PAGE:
Most of us can agree that it’s important for fathers to have strong relationships with their sons (as well as all of their children, regardless of gender, of course). But in a world consumed by toxic masculinity, it can be difficult to actually foster that bond. Society expects "men to be men," meaning they're generally expected to be "tough," emotionless, and to avoid physical affection. Culturally speaking, men are often forced into these roles of stoicism whether they like it or not, which is why it’s so important to encourage father and son relationships.
As moms, we're often expected to spend more time with our children than our male partners. Even in the most enlightened of relationships, where two hetero, cisgender parents are working to equally divide parenting responsibilities, moms are often the default parent responsible for taking care of the child's immediate and basic needs. She's the one going on field trips, showing up at PTA meetings, taking time off work when her child is sick, and attending pediatrician appointments. Her plate is not only full, but heavily stacked with family responsibilities, which can hinder bonding opportunities for fathers, who are often considered to be secondary parents.
It's important that everyone, not just moms, support men who do what they can to have honest and open conversations with their sons, and who are willing to do the emotional labor that so often only burdens mothers. But more often than not that support does start at home. So how can we help the fathers and sons in our lives move past a toxic culture and truly bond? Here’s some ideas:
You Dad Is Equally Involved In Morning & Evening Routines
I know how easy it can be to take over all morning and bedtime routines, if only so you know they're done right and accomplished in a timely manner. But I think it's important that us moms aren't stuck with these kinds of responsibilities for the sake of time. Instead, make a schedule and encourage (read: demand) your significant other participate. Having dad there in the morning and at night can help foster a bond... and give you a break.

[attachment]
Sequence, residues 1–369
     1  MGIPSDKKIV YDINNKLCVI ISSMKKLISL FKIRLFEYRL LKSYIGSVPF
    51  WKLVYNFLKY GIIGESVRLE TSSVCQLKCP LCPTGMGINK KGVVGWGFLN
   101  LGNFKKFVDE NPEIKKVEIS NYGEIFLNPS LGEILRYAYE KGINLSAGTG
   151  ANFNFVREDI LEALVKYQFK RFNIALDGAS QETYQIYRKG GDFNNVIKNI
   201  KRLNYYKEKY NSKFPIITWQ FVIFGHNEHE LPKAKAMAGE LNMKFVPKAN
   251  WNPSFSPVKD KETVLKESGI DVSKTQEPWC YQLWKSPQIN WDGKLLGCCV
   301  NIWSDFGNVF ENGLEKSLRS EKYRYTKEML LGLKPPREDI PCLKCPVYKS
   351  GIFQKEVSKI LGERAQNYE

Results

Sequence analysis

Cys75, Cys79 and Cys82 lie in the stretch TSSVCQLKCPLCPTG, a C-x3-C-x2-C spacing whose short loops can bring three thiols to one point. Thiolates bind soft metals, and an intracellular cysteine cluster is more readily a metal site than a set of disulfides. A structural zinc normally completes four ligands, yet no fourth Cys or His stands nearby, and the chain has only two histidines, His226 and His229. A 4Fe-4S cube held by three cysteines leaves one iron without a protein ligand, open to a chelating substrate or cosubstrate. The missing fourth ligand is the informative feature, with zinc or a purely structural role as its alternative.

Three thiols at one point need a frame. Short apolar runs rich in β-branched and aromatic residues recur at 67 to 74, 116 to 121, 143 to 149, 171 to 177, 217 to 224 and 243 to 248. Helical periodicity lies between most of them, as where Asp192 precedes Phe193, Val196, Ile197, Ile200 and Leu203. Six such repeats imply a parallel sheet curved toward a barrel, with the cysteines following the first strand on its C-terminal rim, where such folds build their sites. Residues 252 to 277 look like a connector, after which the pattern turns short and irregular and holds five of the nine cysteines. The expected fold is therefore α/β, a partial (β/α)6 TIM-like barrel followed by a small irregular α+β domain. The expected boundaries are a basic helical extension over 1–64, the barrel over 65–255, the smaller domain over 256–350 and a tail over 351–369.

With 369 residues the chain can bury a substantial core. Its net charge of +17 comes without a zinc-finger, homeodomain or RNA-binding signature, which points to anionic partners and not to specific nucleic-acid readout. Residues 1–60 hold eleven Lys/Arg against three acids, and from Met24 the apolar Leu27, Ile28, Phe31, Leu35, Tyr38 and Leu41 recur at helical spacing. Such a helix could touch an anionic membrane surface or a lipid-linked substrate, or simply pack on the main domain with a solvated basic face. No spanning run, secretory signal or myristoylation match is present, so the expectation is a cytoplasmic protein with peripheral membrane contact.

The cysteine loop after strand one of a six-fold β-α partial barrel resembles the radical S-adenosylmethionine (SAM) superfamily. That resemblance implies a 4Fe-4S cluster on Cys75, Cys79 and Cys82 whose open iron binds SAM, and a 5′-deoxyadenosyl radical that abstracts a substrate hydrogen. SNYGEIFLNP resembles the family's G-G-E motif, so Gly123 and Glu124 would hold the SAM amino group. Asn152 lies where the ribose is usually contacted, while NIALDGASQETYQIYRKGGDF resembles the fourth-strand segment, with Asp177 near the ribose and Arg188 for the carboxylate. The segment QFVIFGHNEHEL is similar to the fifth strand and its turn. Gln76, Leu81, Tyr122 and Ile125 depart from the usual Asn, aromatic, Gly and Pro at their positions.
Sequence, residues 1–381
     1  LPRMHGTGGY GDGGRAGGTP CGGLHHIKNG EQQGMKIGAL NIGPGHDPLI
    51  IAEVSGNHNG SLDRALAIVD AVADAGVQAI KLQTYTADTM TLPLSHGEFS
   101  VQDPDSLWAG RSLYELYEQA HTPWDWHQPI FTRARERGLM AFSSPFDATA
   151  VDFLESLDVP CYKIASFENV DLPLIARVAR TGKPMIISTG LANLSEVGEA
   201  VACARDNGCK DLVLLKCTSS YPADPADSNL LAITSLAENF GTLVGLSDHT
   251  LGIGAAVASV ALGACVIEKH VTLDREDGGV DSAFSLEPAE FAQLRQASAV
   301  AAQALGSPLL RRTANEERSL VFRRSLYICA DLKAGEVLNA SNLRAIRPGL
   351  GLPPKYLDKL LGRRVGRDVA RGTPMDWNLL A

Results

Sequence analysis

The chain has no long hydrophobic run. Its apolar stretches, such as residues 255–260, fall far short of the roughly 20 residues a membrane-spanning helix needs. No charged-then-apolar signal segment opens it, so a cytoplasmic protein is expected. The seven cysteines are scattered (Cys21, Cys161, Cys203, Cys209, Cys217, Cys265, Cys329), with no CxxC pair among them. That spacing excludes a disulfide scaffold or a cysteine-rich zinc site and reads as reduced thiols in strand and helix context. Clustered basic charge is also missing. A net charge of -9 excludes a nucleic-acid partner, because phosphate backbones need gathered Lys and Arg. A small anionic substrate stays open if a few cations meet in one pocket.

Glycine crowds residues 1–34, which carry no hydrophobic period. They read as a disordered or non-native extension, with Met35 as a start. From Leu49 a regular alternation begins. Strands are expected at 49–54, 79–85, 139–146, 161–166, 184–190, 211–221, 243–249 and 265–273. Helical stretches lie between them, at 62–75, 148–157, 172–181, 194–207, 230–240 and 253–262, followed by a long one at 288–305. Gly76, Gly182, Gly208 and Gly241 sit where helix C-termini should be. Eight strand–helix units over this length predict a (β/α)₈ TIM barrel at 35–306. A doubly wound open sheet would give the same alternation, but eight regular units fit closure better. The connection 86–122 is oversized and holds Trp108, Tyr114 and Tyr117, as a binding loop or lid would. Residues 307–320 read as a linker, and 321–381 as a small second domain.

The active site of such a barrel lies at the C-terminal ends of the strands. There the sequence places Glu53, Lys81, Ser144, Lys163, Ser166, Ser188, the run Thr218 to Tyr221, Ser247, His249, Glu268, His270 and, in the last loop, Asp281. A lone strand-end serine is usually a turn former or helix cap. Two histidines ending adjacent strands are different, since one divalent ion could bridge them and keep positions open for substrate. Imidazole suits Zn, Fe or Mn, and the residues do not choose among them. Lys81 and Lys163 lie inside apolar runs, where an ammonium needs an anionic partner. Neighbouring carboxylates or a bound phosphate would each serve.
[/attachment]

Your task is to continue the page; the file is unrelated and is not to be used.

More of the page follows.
You Encourage Solo Playtime
All parents need time to bond with their kids. And while you may want to join in on the fun between your little ones and their dad, sometimes you have to step back a bit and let them do their own thing. Be OK with them having inside jokes or daddy and son activities you don’t participate in. Allow them their space and it will help them grow closer.
You Let Dad Take Care Of Your Son When He's Sick
My son clings to me when he’s sick, and I get it because I don’t want to leave his side when he's not feeling well, either. But dad should be able to manage sick days with his kid, too. Volunteer to be the parent that takes care of groceries or other out-of-home errands when your littles are sick and, over time, your child will equally depend on dad for sick day comfort — a memory that he’ll have for the rest of his life.
You're Not Afraid To Travel Solo
I travel alone for work a number of times a year. My son isn’t a big fan of it, but I know that he’s just fine in the care of his father. Moreover, I know that this solo time is crucial when it comes to fostering a strong father/son relationship. We don’t make a huge fuss when dad has to leave us a day or two, so why would we do that when I leave?
You Don’t Override Dad’s Decisions
Parents don’t always agree on the best way to handle situations involving their children. But when one parent is set on something and their kid tries to “divide and conquer," so to speak, it’s best to stay firm with your partner’s decision. If you disagree wholeheartedly with the decision, tell your child you’ll be speaking with dad to see what the situation is and if there can be some compromise, but don’t tell your kid not to listen to their dad. That’s setting all parties up for failure.
You're Not Afraid To Intervene
If dad is truly doing something you think will be damaging to his relationship with your child, it’s time to speak up. If they are not finding a good way to communicate, it’s OK to step in just a bit and help them out. Toxic masculinity has made it much more challenging for men (especially fathers and sons) to know how to communicate openly and honestly. But again, try to save this only for rare occasions if possible, so they can develop their own problem-solving skills with one another.
You Don’t Criticize Your Partner In Front Of Your Son
It’s so easy to want to criticize your child’s dad to your children if he’s being a less-than-stellar father. That doesn’t mean it’s your right to do so, though. Your children will always look up to their parents by default, so if you say negative things about their father you’re tarnishing their reputation (and it may not even be warranted). Save your complaints for when you go chat with your girlfriends or a therapist.
You Ask Your Son About His Dad Often
Ask your kids about their relationship with their dad. Ask them what they think of daddy and what they love most about him. What does he do that makes them laugh? What is dad great at? What do they love doing most with dad? When you highlight all the good in dad and what he does best, you remind your children that time with dad is precious and they should have more of it.
You Remind Dad He’s Doing A Great Job
Moms and dads both need to hear positive words about their parenting skills, especially from their partners. Parenting is hard work for all of us, so tell dad he’s appreciated. Help make him feel loved and supported.